For courses in undergraduate Macroeconomics courses.
A modern approach to teaching macroeconomics
Macroeconomics uses a thoroughly modern approach by building macroeconomic models from microeconomic principles. As such, it is consistent with the way that macroeconomic research is conducted today. This approach allows for deeper insights into economic growth processes and business cycles–the key topics in macroeconomics. An emphasis on microeconomic foundations better integrates the study of macroeconomics with approaches learned in microeconomics and field courses in economics. By following an approach to macroeconomics that is consistent with current macroeconomic research, you become better prepared for advanced study in economics.
The 6th Edition captures the latest developments in macroeconomic thinking, applied to recent economic events and developments in macroeconomic policy. With the financial crisis receding, new challenges that macroeconomists and policymakers currently need to address are covered in the text.
Stephen Williamson is a vice president at the Federal Reserve Bank of St. Louis. He received a BSc in Mathematics and an MA in Economics from Queen’s University in Kingston, Canada, and his PhD from the University of Wisconsin-Madison. He has held academic positions at Queen’s University, the University of Western Ontario, the University of Iowa and Washington University in St. Louis, and has worked as an economist at the Federal Reserve Bank of Minneapolis and the Bank of Canada. Professor Williamson has been an academic visitor at the Federal Reserve Banks of Atlanta, Cleveland, Kansas City, Minneapolis, New York, Philadelphia, the Bank of Canada, and the Board of Governors of the Federal Reserve System. He has also been a long-term visitor at the London School of Economics; the University of Edinburgh; Tilburg University, the Netherlands; Victoria University of Wellington, New Zealand; Seoul National University; Hong Kong University; Queen’s University; Fudan University; Indiana University; and the University of Sydney. Professor Williamson has published scholarly articles in the American Economic Review, the Journal of Political Economy, the Quarterly Journal of Economics, the Review of Economic Studies, the Journal of Economic Theory, and the Journal of Monetary Economics, among other prestigious economics journals. This text reflects the author’s views, and does not necessarily reflect the views of the Federal Reserve Bank of St. Louis, the Board of Governors of the Federal Reserve System, or the Federal Reserve System.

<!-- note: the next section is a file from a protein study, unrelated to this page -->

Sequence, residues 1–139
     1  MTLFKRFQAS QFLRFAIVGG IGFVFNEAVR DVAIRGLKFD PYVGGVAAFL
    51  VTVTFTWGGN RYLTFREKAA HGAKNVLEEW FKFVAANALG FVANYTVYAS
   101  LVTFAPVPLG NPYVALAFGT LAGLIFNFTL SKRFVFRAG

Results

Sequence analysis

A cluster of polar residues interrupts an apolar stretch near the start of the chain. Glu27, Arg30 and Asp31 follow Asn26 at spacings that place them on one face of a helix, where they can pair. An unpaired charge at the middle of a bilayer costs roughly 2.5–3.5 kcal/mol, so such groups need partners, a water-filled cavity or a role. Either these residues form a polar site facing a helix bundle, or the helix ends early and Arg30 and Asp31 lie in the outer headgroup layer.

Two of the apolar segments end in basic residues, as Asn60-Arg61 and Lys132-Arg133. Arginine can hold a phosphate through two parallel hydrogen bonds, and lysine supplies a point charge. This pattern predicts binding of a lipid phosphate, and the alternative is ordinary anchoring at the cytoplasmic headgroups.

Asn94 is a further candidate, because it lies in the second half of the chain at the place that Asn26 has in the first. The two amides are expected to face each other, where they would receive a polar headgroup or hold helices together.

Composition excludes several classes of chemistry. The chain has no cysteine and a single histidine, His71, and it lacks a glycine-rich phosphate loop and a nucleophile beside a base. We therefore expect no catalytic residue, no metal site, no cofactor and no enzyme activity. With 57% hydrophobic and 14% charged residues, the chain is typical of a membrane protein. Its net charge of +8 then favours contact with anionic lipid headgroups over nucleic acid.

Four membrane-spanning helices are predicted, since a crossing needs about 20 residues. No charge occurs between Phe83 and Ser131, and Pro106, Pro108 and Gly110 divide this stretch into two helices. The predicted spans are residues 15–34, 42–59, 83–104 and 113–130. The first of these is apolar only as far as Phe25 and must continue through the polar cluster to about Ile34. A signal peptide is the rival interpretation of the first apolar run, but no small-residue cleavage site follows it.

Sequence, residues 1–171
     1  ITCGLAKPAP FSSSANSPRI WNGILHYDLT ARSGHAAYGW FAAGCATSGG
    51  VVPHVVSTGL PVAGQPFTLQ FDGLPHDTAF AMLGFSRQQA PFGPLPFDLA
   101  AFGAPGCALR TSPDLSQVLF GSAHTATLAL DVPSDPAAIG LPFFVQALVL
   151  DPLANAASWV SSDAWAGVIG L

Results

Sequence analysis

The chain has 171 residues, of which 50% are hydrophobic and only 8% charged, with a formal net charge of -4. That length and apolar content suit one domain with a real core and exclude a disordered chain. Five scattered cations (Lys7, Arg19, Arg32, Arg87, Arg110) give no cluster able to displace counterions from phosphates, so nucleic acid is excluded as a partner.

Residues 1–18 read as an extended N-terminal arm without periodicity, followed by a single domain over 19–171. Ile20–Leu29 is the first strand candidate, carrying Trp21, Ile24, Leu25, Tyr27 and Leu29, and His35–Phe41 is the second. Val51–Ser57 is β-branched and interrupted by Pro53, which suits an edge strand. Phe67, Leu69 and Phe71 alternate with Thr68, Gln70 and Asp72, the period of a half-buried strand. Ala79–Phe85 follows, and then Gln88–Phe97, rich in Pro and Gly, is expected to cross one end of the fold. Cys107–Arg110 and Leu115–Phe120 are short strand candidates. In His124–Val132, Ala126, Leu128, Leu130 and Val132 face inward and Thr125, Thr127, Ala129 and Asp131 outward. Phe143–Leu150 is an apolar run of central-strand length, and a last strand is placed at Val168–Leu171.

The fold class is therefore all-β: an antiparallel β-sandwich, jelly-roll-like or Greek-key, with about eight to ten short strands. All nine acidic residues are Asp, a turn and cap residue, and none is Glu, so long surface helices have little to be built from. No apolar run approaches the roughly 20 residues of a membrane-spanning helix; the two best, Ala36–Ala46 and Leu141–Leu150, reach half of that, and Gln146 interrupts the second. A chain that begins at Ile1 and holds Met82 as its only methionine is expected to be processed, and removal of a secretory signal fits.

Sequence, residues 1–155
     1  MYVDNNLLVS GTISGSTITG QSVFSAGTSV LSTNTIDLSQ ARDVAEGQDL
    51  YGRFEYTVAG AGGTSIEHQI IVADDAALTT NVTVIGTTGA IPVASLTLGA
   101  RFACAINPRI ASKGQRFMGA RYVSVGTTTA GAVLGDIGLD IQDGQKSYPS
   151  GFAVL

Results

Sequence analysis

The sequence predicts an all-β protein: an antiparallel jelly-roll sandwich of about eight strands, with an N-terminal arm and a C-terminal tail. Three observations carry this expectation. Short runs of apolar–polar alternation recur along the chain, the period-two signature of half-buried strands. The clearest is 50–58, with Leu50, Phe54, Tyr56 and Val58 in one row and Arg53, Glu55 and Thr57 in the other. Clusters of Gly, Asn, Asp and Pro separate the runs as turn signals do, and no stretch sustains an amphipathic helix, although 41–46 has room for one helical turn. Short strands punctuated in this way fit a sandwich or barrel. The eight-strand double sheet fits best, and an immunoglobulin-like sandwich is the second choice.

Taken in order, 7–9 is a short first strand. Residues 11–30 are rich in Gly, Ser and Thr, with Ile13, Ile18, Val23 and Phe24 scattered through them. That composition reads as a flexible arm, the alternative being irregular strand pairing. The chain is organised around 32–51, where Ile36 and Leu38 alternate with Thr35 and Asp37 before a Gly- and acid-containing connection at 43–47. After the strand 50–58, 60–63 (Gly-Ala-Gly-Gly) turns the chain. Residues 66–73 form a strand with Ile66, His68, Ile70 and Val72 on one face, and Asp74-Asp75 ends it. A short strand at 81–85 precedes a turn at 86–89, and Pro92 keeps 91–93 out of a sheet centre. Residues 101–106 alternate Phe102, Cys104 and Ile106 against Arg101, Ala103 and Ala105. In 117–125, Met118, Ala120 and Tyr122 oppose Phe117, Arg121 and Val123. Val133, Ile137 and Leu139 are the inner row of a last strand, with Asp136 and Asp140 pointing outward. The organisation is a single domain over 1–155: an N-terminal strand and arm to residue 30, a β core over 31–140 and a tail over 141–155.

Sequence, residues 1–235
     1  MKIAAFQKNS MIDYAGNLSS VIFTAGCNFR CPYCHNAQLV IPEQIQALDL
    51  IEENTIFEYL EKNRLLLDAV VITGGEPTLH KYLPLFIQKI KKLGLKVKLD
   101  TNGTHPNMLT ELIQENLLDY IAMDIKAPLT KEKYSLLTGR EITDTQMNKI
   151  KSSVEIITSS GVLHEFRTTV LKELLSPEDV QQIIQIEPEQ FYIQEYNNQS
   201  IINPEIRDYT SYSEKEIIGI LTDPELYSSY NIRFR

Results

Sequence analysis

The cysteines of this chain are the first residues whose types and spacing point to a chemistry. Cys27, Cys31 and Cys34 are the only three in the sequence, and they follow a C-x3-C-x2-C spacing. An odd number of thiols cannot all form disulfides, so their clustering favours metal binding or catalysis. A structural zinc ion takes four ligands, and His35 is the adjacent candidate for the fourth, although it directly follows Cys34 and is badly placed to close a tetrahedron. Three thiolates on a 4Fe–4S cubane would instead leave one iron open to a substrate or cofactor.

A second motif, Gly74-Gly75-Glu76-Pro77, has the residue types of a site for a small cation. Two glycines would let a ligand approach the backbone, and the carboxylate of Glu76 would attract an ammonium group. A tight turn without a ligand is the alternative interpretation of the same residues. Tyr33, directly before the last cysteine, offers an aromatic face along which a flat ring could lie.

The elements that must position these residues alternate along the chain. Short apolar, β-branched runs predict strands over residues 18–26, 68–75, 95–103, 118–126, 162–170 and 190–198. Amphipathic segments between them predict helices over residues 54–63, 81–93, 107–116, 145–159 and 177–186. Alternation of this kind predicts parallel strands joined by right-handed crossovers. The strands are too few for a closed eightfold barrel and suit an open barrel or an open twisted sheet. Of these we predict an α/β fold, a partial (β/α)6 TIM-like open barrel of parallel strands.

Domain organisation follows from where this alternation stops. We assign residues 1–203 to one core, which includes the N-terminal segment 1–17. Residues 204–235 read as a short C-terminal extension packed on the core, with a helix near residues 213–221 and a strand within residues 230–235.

Part 1: Introduction and Measurement Issues
3. Business Cycle Measurement
Part 2: Basic Macroeconomic Models: A One-Period Model and Models of Search and Unemployment
4. Consumer and Firm Behavior: The Work–Leisure Decision and Profit Maximization
5. A Closed-Economy One-Period Macroeconomic Model
6. Search and Unemployment
Part 3: Economic Growth
7. Economic Growth: Malthus and Solow
8. Income Disparity Among Countries and Endogenous Growth
Part 4: Savings, Investment, and Government
9. A Two-Period Model: The Consumption–Savings Decision and Credit Markets
10. Credit Market Imperfections: Credit Frictions, Financial Crises, and Social Security
11. A Real Intertemporal Model with Investment
Part 5: Money and Business Cycles
12. Money, Banking, Prices, and Monetary Policy
13. Business Cycle Models with Flexible Prices and Wages
14. New Keynesian Economics: Sticky Prices
15. Inflation: Phillips Curves and Neo-Fisherism
Part 6: International Macroeconomics
16. International Trade in Goods and Assets
17. Money in the Open Economy
Part 7: Money, Inflation, and Banking
18. Money, Inflation, and Banking: A Deeper Look